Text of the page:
A dish with Alice Waters

Nectarine and Blueberry Crisp
There’s something so wonderful about cooking from a recipe. By following the directions, ingredient for ingredient, you are, in a sense, channeling the culinary spirit of the chef that created the dish. When the dish is complete and you sample the flavors, you are able to take an objective view of the dish. You can marvel at the ideas that brought those singular flavors together. You may note the subtlety of flavor or the unexpected abundance of it. By cooking dishes created by the masters, you begin to understand the inspirations of a Chef from the inside out.

Last night, in preparation of returning my many Alice Water’s cookbooks to the library, I made simple dessert—based on an amalgam of two recipes and what ingredients I had on hand. Some of the adjustments were mine, but the style of the dish is all Alice.

My first bite of this semi-sweet, rustic crisp made me feel like I was enjoying a dessert that Alice Waters and Lindsay Shere had made especially for me.

Nectarine and Blueberry Crisp
Nectarine and Blueberry Crisp
Adapted from the Chez Panisse Café Cookbook and Chez Panisse Fruit

½ cup almonds
1 cup all-purpose flour
3 tablespoons brown sugar
2 tablespoons granulated sugar
¼ teaspoon ground cinnamon
a pinch of salt
6 tablespoons unsalted butter

5 ripe nectarines, pitted and cut into 1 inch pieces
1 cup blueberries
¼ cup sugar
3 tablespoons unbleached flour
zest of one lemon, chopped fine
1 tablespoon aged rum

For the Topping

Preheat oven to 375 F. Toast the almonds until they smell nutty and are slightly more brown, about 7 or 8 minutes. Chop the almonds to a medium to fine consistency. Combine the flour, the sugars, the salt and spice in a mixing bowl. Add the chilled butter in pieces and mix with your fingers until it becomes mealy. Add the nuts and mix until the flour mixture holds together when squeezed. Put aside. (The topping can be prepared up to a week in advance and refrigerated).

For the Crisp
Mix the fruit in a medium-sized bowl and then add the sugar. Taste and adjust for sweetness. (*Note, don’t over sugar the fruit—there’s something quite beautiful about a semi-sweet crisp. Don’t be afraid to let the fruit express itself in its truest form.) Dust the flour over the mixture and stir gently. Spoon the topping into a small cooking dish is just big enough to hold the fruit. Mound a small amount in the center of the dish. Then, gently add the crisp mixture on top. Lightly push the crumble on top of the fruit mixture.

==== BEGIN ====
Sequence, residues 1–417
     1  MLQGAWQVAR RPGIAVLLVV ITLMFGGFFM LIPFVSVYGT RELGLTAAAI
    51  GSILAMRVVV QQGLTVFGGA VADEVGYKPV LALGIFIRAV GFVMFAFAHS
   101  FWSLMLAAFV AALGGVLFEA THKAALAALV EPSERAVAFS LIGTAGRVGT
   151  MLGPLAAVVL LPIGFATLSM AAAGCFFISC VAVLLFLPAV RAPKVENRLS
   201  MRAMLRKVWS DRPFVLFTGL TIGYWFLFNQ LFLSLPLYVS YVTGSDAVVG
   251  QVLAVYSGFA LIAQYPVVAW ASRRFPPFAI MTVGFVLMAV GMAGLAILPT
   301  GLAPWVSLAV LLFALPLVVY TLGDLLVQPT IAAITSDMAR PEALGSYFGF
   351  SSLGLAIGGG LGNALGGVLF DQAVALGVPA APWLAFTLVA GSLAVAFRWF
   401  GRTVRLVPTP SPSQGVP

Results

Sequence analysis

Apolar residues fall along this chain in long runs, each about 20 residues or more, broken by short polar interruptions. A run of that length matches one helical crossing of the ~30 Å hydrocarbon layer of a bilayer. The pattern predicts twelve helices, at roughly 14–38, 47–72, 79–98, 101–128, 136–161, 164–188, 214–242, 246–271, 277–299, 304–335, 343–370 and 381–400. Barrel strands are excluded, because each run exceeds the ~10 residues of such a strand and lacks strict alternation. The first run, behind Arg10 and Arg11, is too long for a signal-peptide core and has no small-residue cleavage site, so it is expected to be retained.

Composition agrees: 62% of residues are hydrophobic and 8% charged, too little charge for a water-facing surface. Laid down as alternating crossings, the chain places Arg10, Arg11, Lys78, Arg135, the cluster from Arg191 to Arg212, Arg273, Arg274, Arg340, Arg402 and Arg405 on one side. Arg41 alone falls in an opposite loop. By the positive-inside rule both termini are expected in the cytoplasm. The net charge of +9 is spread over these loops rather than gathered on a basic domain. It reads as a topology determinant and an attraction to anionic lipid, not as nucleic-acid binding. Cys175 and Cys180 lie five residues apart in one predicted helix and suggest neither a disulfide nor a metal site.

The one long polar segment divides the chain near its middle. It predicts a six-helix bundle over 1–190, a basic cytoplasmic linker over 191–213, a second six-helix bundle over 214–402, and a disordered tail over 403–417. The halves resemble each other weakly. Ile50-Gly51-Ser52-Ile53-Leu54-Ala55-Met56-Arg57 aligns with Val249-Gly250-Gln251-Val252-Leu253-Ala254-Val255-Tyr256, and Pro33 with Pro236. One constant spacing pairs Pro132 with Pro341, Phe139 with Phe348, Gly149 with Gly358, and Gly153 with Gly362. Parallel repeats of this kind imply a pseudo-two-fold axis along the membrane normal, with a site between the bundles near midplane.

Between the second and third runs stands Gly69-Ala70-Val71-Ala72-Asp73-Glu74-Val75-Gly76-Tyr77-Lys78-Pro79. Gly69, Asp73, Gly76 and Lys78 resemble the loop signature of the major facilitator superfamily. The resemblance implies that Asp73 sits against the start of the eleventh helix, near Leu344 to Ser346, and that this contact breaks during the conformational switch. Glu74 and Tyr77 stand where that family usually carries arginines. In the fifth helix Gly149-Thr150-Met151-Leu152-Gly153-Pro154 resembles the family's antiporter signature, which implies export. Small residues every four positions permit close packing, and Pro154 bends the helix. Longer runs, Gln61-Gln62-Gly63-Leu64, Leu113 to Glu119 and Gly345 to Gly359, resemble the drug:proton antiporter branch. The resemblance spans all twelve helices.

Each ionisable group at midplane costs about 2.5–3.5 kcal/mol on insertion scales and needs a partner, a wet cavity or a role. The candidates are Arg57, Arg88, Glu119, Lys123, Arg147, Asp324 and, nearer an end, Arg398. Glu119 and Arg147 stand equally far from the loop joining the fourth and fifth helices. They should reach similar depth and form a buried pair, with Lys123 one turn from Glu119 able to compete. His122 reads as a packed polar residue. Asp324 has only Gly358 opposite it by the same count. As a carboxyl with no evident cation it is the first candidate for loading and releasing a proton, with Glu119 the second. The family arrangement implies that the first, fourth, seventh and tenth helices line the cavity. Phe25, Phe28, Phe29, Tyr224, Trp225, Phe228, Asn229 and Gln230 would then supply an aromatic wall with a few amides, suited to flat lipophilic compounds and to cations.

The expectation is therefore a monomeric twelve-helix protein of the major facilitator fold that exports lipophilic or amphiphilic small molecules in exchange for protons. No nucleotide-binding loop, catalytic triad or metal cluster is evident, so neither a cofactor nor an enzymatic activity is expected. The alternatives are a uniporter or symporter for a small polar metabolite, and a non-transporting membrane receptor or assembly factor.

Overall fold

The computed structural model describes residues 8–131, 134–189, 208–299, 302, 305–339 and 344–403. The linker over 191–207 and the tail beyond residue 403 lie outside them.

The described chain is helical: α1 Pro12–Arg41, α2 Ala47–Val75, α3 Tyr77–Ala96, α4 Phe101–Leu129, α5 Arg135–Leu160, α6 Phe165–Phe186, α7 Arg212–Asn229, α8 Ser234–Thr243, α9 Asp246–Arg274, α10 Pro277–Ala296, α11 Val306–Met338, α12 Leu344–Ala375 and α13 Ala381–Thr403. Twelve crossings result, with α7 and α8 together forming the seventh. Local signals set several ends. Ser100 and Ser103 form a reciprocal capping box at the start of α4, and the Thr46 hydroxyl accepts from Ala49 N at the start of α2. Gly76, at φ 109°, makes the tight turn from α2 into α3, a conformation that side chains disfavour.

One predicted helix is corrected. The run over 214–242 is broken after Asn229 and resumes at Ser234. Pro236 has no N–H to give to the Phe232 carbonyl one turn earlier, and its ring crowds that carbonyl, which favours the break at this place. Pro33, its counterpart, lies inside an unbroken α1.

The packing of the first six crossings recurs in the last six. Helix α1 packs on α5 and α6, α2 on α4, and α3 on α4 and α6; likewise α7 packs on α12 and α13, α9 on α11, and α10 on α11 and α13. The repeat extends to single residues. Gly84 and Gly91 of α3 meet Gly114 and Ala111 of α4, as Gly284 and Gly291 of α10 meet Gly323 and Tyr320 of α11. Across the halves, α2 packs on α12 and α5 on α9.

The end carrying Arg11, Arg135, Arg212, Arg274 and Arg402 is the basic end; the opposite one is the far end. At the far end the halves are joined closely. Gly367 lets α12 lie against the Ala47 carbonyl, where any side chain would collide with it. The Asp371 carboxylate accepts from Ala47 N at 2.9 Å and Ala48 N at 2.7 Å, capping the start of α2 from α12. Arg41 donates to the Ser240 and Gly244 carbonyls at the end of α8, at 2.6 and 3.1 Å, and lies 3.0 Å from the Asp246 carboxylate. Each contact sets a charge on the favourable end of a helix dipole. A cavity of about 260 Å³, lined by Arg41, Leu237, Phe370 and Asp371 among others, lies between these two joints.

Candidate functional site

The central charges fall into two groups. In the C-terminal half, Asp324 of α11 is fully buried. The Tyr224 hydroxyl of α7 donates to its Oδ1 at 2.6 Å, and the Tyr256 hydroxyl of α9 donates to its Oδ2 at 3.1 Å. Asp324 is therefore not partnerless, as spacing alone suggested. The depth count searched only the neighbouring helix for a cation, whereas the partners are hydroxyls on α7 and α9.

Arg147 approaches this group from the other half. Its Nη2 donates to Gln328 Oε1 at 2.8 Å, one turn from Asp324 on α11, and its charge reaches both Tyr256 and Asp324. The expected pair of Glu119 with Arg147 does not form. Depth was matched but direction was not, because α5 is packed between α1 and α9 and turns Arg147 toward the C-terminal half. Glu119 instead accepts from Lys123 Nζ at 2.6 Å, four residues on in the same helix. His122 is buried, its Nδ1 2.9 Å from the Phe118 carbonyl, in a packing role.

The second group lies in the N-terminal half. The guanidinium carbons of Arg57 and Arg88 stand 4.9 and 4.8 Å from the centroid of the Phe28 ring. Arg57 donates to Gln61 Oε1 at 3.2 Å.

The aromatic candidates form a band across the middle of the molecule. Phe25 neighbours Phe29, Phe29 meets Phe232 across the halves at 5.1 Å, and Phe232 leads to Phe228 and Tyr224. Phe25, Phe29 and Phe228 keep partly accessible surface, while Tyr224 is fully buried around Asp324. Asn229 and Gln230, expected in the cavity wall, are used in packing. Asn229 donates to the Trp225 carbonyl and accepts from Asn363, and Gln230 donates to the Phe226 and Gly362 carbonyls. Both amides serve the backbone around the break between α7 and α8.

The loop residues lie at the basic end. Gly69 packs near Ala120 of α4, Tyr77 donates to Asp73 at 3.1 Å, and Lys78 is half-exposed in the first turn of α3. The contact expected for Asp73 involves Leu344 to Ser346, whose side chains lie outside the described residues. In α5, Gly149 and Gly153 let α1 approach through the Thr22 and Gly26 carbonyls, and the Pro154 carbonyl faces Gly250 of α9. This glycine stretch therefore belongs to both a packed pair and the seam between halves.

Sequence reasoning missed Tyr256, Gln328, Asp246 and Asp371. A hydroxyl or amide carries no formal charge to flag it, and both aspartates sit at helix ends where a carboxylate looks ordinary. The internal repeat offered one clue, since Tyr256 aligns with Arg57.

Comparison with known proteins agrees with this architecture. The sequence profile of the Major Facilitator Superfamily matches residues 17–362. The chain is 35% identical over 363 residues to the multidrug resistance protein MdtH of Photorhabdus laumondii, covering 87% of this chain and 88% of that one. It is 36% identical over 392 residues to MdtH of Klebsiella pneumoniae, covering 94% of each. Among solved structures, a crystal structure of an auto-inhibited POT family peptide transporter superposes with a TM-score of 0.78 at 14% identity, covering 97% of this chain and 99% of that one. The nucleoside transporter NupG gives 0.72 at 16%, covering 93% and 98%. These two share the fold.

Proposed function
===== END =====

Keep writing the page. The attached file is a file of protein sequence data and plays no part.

Place a cookie sheet on the middle rack of the oven (to catch any overflow juices) and put the crisp dish on top. Bake in the oven for 40 to 50 minutes, or until the top is lightly browned and the fruit juices are thickened and bubbling. The delicious smell of baked fruit will help you know when it’s close to being ready.

Serve with rum flavored whipped cream or vanilla ice cream. Finish the ice cream with a sprinkle of Maldon sea salt.

Nectarine and Blueberry Crisp

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Brooke Burton nominated for best food writing

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Food Woolf Written by:

Brooke Burton is an Los Angeles-based restaurant professional and hospitality expert. She is a freelance food writer, speaker, and co-author of The Food Blog Code of Ethics.

7 Comments

  1. Jude
    August 4
    Reply

    I rarely follow recipes to the letter, making little substitutions here and there. A lot of thought goes into each recipe and I know exactly what you mean by figuring out the thinking of the chef through their recipes. Such a nice summer recipe.

  2. Neal
    August 7
    Reply

    What a treat this was! Thanks so much, Brooke!

  3. Maria
    August 13
    Reply

    Looks like the perfect summer dessert. I wish I could have a taste.

  4. Rachel Ducker
    August 15
    Reply

    This looks really great some crumbles dont actually crumble that much!

    Looks very tasty!

    Duckey x

  5. Seattle Tall Poppy
    August 31
    Reply

    Do you have an ice cream maker? This rum ice cream from the Chez Panisse Desserts book makes me swoon! A wonderful treat with crumbles…

    Rum Ice Cream
    Chez Panisse Desserts, Lindsey Remolif Shere

    Makes 1 quart

    1 cup milk
    2 cups whipping cream
    2/3 cup sugar
    6 egg yolks
    1/4 cup dark rum

    Heat the milk, cream, and sugar in a non-corroding saucepan. Whisk the egg yolks just enough to mix them and whisk in some of the hot mixture. Return to the pan and cook over low heat, stirring contstantly, until the mixture coats the spoon. Strain into a container and chill. Add the rum, taste, and add a little more if necessary. Freeze according to the instructions with your ice cream maker.

  6. Brooke
    September 1
    Reply

    Susan, No, I don’t have an ice cream maker…But this recipe makes me want to! I’ll save this delicious sounding ice cream for when I do get one!

    Brooke

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